Even in the nonprofit world, average Americans are getting squeezed out by the 1%

The power of the purse.
The power of the purse.
Image: Reuters/Valentyn Ogirenko
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The majority of philanthropic giving has always primarily come from the rich, given that they have most of the money.

As inequality has risen in the US over the last several decades, the share of charitable giving coming from the wealthy has grown, too, worrying some people who fear the increasing power of these big donors. It gives those donors increasing influence over how nonprofits operate, who nonprofits must court for money, and the kind of work that gets funded.

The Institute for Policy Studies, a left-wing think tank, recently released a report showing that from 2003 to 2013, charitable deductions by people making over $100,000 rose by 40%, but declined by 34% for those making less than $100,000. These numbers are based on tax returns from the Internal Revenue Service (IRS) and are adjusted for inflation.

While the charitable deduction number is inflation-adjusted, the income levels are not���the IRS has reported the same income grouping for many years. The statistics also do not account for the general increases in incomes that occurred over that decade. Still, the Institute believes these omitted factors only account for a small portion of the change.

The researchers attribute the changing dynamics of philanthropy to the soaring prosperity of the wealthy, along with an increase in “economic insecurity” and stagnating wages for the average worker. Basically, really rich people have more money to give away than they did a decade or so ago, and poor people don’t.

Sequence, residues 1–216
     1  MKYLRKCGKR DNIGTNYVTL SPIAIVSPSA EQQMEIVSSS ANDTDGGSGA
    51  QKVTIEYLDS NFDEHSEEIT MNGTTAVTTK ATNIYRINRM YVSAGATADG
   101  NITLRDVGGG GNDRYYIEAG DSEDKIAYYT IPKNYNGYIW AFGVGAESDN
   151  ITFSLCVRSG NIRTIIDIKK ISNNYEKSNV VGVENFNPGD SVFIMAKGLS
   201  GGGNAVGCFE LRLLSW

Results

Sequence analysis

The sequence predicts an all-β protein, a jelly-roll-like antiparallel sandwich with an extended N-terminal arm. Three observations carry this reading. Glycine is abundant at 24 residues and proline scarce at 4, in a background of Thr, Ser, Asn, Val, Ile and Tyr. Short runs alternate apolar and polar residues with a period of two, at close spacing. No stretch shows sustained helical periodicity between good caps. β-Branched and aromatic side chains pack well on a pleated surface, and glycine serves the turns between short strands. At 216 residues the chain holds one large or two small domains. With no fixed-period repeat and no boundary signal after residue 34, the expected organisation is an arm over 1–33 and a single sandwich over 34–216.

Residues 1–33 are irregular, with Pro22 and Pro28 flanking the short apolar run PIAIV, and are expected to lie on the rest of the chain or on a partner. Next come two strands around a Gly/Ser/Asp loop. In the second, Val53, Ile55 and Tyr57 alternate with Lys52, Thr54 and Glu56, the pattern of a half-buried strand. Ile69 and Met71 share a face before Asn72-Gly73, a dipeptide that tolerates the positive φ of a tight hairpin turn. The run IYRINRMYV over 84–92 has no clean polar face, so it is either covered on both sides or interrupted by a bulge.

The mega rich have made major investments in fixing climate change, fighting global epidemics, and improving US higher education. But the Institute fears that combination of increase in giving from the rich and decline from the middle class and poor may have consequences that Americans might not like.

“This really does change the calculus for [nonprofits].” said Chuck Collins, a senior researcher at the Institute for Policy Studies. “You’re spending a lot more time pursuing the same small pool of mega donors… orienting your whole fundraising around major donor acquisition.” Collins said a greater focus on big gifts may lead an organization to drift from its mission and focus on the pet causes of a large donor. Small donors are more likely to give without demands.

Relying on large donations also increases a nonprofit’s instability. Organizations with a broad base of small donors are better able plan long term, because their finances don’t depend on the whims of one large donor.

The changing dynamics of giving also impacts what gets funded, the Institute said. Compared to the average giver, the American rich prefer funding arts and education initiatives (pdf, pg. 13), and are less inclined to social change giving, like the funding of basic family and children services.

From the speed of economic growth, to the character of American cities, wealth and income inequality are reshaping the US.  The widening distribution of wealth also has major has implications for the nonprofit sector.